Bluebird Melissa Penta

Initially the bluebird trails at Badger Army Ammunition Plant were part of a study assessing risks to wildlife from exposure to residual soil contamination left by the Army. The bluebird trails at Badger are now part of a national effort to monitor and increase the production of the Eastern Bluebird and other native cavity-nesting birds.

Volunteers Bill and Donna Stehling and John Schubring monitor bluebird nests at Badger from about April through August and perhaps a bit of September, depending on the weather and the birds. They report their data to the Bluebird Restoration Association of Wisconsin in September.

Each week for each house, these dedicated volunteers count nests, type of nest, number of eggs, number of hatchlings (chicks), and number that fledge. They note problems with predators and deal with wasp nests, blow flies, and ants. They record time, temperature, wind, and sky conditions.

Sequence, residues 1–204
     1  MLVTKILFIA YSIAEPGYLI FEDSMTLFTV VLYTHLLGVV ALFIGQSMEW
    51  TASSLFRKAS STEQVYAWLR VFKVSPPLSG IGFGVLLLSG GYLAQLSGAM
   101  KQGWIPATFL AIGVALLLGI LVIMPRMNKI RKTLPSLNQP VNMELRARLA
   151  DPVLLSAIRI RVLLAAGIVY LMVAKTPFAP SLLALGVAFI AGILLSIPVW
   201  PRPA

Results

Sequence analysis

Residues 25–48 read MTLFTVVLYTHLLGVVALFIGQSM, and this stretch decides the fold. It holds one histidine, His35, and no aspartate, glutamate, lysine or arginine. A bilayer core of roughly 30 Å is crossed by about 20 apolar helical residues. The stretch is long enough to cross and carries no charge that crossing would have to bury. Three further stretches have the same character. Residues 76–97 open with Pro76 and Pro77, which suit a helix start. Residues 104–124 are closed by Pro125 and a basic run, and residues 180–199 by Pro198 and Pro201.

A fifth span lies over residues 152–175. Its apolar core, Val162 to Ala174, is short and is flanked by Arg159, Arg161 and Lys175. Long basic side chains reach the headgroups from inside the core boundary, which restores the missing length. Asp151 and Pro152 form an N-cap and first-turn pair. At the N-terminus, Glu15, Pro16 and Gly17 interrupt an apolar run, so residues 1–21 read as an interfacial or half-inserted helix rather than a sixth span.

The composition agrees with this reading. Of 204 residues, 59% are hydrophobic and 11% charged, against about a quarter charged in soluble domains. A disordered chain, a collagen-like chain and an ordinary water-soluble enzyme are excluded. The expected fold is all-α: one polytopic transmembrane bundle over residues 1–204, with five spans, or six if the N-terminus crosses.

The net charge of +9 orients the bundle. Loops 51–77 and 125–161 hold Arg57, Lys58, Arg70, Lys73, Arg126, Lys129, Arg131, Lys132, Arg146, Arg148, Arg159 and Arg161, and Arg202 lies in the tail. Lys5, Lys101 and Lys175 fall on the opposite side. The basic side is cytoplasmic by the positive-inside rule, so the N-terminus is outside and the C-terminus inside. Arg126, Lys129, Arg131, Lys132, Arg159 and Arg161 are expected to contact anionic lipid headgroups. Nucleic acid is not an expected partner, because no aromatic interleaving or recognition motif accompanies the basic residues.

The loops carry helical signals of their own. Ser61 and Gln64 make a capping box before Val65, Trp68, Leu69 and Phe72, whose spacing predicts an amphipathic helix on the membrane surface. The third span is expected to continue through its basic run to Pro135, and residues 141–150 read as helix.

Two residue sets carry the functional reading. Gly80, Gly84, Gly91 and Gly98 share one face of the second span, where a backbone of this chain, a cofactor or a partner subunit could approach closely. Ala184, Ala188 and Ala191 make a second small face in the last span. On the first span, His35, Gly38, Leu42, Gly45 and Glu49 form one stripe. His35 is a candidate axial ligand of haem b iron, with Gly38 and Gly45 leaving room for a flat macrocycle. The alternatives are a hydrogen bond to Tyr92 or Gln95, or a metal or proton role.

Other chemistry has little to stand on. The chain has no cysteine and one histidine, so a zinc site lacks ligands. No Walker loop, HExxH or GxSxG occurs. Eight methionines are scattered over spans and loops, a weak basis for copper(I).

For many generations, bluebirds lived in orchards and around pastures, nesting in tree hollows and holes in fence posts. Urban sprawl and rural subdivisions have diminished their needed habitat. Changes in agriculture practices and competition from the House (English) Sparrow and European Starling have also affected bluebird populations.

All birds are sensitive to loud, sudden or continuous noise. Birds hear the low and high sounds that people do not hear as well. For this reason, loud disruptive activities like an ATV track or gun range are expected to negatively affect bluebirds and other bird species at Badger.

In cooperation with bluebird volunteer Donna Stehling, CSWAB has published a new flyer about opportunities to support bluebird conservation on the Badger lands and in the Sauk Prairie area.

To voice your opposition to an ATV trail and gun range at Badger, please sign the online petition to the Wisconsin DNR. If you have already signed, please share this message with a friend.

Bluebird Conservation on the Badger Tallgrass Prairie